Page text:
   A similar effect is seen with loss of RB or
    overexpression of E2F. In normal cells, the cellular
    response to these alterations is apoptosis
COOPERATION BETWEEN ONCOGENES
   & TUMOR SUPPRESSOR GENES
   The combination of a stimulus to the cell cycle
    and an anti-apoptotic factor or gene results in cell
    growth, usually at a more rapid rate than their normal
    counterparts, and often with an altered, or
    transformed morphology

   This is a possible explanation for many instances of
    oncogene cooperativity that occurs when two
    different genes can fully transform primary cells,
    whereas each gene on its own cannot
          GENOME STABILITY
DNA Repair
 Mutations  that impair the ability of cells to recover
  from DNA damage can enhance the spontaneous
  mutation rate and lead to cancer
 Some inherited disorders predisposing to cancer

  (e.g. xeroderma pigmentosum; Fanconi's anemia)
  are associated with defects in DNA repair
 The DNA mismatch repair system is responsible for a
  major hereditary form of colon cancer, hereditary
  nonpolyposis colorectal cancer (HNPCC)
            TELOMERES & CANCER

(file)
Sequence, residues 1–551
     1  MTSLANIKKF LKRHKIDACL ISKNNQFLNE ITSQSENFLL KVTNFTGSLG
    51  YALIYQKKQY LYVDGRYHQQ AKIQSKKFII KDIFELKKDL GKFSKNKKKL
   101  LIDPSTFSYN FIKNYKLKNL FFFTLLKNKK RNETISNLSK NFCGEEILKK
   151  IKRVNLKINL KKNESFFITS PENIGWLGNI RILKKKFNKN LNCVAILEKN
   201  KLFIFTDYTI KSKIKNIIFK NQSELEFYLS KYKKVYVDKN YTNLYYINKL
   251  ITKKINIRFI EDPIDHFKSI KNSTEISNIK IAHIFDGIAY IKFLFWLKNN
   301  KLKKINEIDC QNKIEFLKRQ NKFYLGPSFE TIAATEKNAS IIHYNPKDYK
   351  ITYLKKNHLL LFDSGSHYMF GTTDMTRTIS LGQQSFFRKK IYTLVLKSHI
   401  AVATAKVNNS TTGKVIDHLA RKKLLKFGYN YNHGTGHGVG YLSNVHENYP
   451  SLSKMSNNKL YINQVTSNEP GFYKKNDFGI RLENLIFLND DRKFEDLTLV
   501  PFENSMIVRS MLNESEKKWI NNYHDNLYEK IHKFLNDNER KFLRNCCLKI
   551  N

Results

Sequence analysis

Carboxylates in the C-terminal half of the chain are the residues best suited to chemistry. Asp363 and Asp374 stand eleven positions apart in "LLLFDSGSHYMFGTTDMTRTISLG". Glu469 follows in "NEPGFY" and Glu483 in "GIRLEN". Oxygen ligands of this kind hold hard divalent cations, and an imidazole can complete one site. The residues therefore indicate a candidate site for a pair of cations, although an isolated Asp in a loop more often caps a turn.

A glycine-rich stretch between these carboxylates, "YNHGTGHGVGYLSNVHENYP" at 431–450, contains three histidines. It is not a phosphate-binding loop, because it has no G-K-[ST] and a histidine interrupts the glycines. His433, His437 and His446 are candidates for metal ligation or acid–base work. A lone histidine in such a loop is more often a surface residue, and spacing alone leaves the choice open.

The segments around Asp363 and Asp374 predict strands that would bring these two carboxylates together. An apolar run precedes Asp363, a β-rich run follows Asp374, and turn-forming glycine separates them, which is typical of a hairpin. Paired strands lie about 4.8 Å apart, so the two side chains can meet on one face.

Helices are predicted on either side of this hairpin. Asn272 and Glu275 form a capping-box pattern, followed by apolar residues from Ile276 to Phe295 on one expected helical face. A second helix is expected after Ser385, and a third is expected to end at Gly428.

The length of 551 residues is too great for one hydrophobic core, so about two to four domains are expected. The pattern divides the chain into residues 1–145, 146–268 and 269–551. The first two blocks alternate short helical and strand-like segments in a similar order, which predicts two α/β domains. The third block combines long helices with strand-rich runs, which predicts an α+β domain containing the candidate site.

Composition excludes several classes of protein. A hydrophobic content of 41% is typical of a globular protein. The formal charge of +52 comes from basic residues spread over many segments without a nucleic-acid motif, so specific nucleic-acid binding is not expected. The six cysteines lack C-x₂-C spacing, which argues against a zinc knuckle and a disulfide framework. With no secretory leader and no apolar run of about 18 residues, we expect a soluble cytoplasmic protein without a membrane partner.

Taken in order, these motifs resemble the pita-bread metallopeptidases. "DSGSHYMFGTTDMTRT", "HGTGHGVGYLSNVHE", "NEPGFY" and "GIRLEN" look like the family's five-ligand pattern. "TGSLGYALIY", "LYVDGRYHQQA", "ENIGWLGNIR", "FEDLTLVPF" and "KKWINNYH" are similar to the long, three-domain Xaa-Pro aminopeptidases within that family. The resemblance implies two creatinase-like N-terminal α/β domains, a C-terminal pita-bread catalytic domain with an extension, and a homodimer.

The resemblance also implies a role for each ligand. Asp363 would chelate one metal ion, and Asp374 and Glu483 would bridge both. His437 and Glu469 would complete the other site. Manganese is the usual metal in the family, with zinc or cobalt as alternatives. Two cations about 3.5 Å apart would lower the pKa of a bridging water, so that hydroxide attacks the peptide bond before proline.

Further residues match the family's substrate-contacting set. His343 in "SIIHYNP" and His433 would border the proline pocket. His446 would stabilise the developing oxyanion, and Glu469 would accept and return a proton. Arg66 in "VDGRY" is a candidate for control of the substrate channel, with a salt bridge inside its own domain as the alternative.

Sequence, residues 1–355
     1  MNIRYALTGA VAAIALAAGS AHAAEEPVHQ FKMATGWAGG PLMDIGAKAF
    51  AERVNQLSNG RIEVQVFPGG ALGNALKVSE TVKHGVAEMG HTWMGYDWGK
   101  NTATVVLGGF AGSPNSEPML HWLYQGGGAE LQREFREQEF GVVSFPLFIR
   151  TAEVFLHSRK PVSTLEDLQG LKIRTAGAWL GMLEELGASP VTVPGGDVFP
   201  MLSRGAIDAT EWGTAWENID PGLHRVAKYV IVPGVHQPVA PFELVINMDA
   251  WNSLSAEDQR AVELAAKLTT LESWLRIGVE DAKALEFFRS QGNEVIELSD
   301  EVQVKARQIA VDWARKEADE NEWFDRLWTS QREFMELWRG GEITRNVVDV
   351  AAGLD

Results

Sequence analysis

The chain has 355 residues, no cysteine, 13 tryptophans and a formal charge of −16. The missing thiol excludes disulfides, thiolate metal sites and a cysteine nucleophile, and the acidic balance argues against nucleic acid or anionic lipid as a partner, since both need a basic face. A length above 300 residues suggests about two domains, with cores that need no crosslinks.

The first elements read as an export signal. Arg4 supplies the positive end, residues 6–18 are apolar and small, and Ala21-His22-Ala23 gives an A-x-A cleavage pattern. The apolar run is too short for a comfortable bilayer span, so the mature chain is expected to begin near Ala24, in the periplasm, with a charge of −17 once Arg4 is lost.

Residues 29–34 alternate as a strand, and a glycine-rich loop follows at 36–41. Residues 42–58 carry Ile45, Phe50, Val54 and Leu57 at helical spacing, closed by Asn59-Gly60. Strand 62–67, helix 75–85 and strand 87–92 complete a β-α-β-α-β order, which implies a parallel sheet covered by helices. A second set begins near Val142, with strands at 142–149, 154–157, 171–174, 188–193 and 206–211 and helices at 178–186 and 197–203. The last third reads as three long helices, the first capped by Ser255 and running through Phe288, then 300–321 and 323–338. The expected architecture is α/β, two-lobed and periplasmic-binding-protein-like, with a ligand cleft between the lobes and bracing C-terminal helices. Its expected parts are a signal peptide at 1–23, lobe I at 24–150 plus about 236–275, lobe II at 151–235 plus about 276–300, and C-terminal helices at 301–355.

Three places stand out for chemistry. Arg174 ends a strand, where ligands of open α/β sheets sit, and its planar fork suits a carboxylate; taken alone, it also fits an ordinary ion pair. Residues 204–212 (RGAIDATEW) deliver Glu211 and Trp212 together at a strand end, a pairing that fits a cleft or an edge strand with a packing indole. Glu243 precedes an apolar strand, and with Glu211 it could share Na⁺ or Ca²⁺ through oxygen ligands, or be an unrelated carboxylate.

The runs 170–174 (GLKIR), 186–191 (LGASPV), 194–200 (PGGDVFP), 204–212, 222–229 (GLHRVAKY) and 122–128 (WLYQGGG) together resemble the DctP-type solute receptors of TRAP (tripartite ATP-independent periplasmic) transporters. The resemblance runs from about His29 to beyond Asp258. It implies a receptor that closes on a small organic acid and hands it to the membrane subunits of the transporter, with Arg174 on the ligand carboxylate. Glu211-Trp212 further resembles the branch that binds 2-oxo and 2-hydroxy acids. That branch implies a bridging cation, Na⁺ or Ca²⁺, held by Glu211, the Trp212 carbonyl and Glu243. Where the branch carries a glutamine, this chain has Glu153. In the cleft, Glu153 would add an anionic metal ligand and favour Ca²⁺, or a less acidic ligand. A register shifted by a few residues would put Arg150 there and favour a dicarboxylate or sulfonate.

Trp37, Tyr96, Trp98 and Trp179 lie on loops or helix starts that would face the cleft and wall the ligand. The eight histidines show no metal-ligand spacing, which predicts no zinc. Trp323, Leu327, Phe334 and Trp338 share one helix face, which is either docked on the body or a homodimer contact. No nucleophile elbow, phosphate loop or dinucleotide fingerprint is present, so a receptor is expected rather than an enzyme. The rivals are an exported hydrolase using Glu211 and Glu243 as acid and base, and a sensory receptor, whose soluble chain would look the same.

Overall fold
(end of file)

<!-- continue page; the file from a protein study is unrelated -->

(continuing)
   Primary cultures of fibroblast cells display a finite
    capacity for division in tissue culture, which is on the
    order of 40 to 60 cell divisions

   The progressive limitation in proliferative potential
    accompanying each cell division is associated with a
    progressive shortening of the telomeres

   This has led to the hypothesis that telomere length is
    the clock governing limited cell division and to the
    further proposal that sustained growth of a tumor cell
    clone requires reactivation of the enzyme telomerase,
    which catalyzes telomere extension (telomerase is not
    normally active in somatic cells)
          TELOMERES & CANCER

   In tissue culture, "immortalization" of cells that
    continue proliferating beyond "crisis", the phase
    in which most cells cease dividing because of
    the normal limit, can be associated with
    telomere stabilization and activity of telomerase

   Telomerase activity has also been detected in
    cells from carcinomas
                   Mechanisms of Oncogenesis

                       Proto-oncogene        Oncogene
                                  A

                                  B
                                        fusion of A and B




                                            mutation


 Normal cellular                                                     Abnormal cellular
 proliferation and                                                   proliferation or
 survival                                                            survival
                                      loss of tumor-
                    Tumor suppressor
                                    suppressing activity
                                      ( mutations, deletions or rearrangements)
from Cline, NEJM 1994, 330: 328